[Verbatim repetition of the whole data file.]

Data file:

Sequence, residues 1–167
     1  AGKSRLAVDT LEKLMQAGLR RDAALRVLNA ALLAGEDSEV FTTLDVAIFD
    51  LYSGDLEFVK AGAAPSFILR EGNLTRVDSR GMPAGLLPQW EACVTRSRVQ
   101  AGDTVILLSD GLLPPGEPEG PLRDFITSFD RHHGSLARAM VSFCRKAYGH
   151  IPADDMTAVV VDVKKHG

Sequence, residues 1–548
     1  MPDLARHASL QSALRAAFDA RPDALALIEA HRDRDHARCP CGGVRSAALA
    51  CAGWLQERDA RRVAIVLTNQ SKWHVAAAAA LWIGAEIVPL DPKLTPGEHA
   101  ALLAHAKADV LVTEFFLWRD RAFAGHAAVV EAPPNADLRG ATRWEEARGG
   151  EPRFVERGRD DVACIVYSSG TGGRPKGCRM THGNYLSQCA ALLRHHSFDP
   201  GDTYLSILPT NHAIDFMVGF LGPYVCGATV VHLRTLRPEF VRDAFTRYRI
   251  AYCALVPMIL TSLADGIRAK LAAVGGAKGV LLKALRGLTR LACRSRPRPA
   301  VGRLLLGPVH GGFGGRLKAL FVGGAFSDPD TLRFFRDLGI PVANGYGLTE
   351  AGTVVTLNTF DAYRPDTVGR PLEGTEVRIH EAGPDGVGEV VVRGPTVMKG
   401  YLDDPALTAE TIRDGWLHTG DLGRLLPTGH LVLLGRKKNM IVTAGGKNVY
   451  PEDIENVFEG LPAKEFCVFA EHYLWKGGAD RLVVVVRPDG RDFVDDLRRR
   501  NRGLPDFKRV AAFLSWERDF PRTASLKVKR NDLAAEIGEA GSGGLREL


Sequence, residues 1–167
     1  AGKSRLAVDT LEKLMQAGLR RDAALRVLNA ALLAGEDSEV FTTLDVAIFD
    51  LYSGDLEFVK AGAAPSFILR EGNLTRVDSR GMPAGLLPQW EACVTRSRVQ
   101  AGDTVILLSD GLLPPGEPEG PLRDFITSFD RHHGSLARAM VSFCRKAYGH
   151  IPADDMTAVV VDVKKHG

Sequence, residues 1–548
     1  MPDLARHASL QSALRAAFDA RPDALALIEA HRDRDHARCP CGGVRSAALA
    51  CAGWLQERDA RRVAIVLTNQ SKWHVAAAAA LWIGAEIVPL DPKLTPGEHA
   101  ALLAHAKADV LVTEFFLWRD RAFAGHAAVV EAPPNADLRG ATRWEEARGG
   151  EPRFVERGRD DVACIVYSSG TGGRPKGCRM THGNYLSQCA ALLRHHSFDP
   201  GDTYLSILPT NHAIDFMVGF LGPYVCGATV VHLRTLRPEF VRDAFTRYRI
   251  AYCALVPMIL TSLADGIRAK LAAVGGAKGV LLKALRGLTR LACRSRPRPA
   301  VGRLLLGPVH GGFGGRLKAL FVGGAFSDPD TLRFFRDLGI PVANGYGLTE
   351  AGTVVTLNTF DAYRPDTVGR PLEGTEVRIH EAGPDGVGEV VVRGPTVMKG
   401  YLDDPALTAE TIRDGWLHTG DLGRLLPTGH LVLLGRKKNM IVTAGGKNVY
   451  PEDIENVFEG LPAKEFCVFA EHYLWKGGAD RLVVVVRPDG RDFVDDLRRR
   501  NRGLPDFKRV AAFLSWERDF PRTASLKVKR NDLAAEIGEA GSGGLREL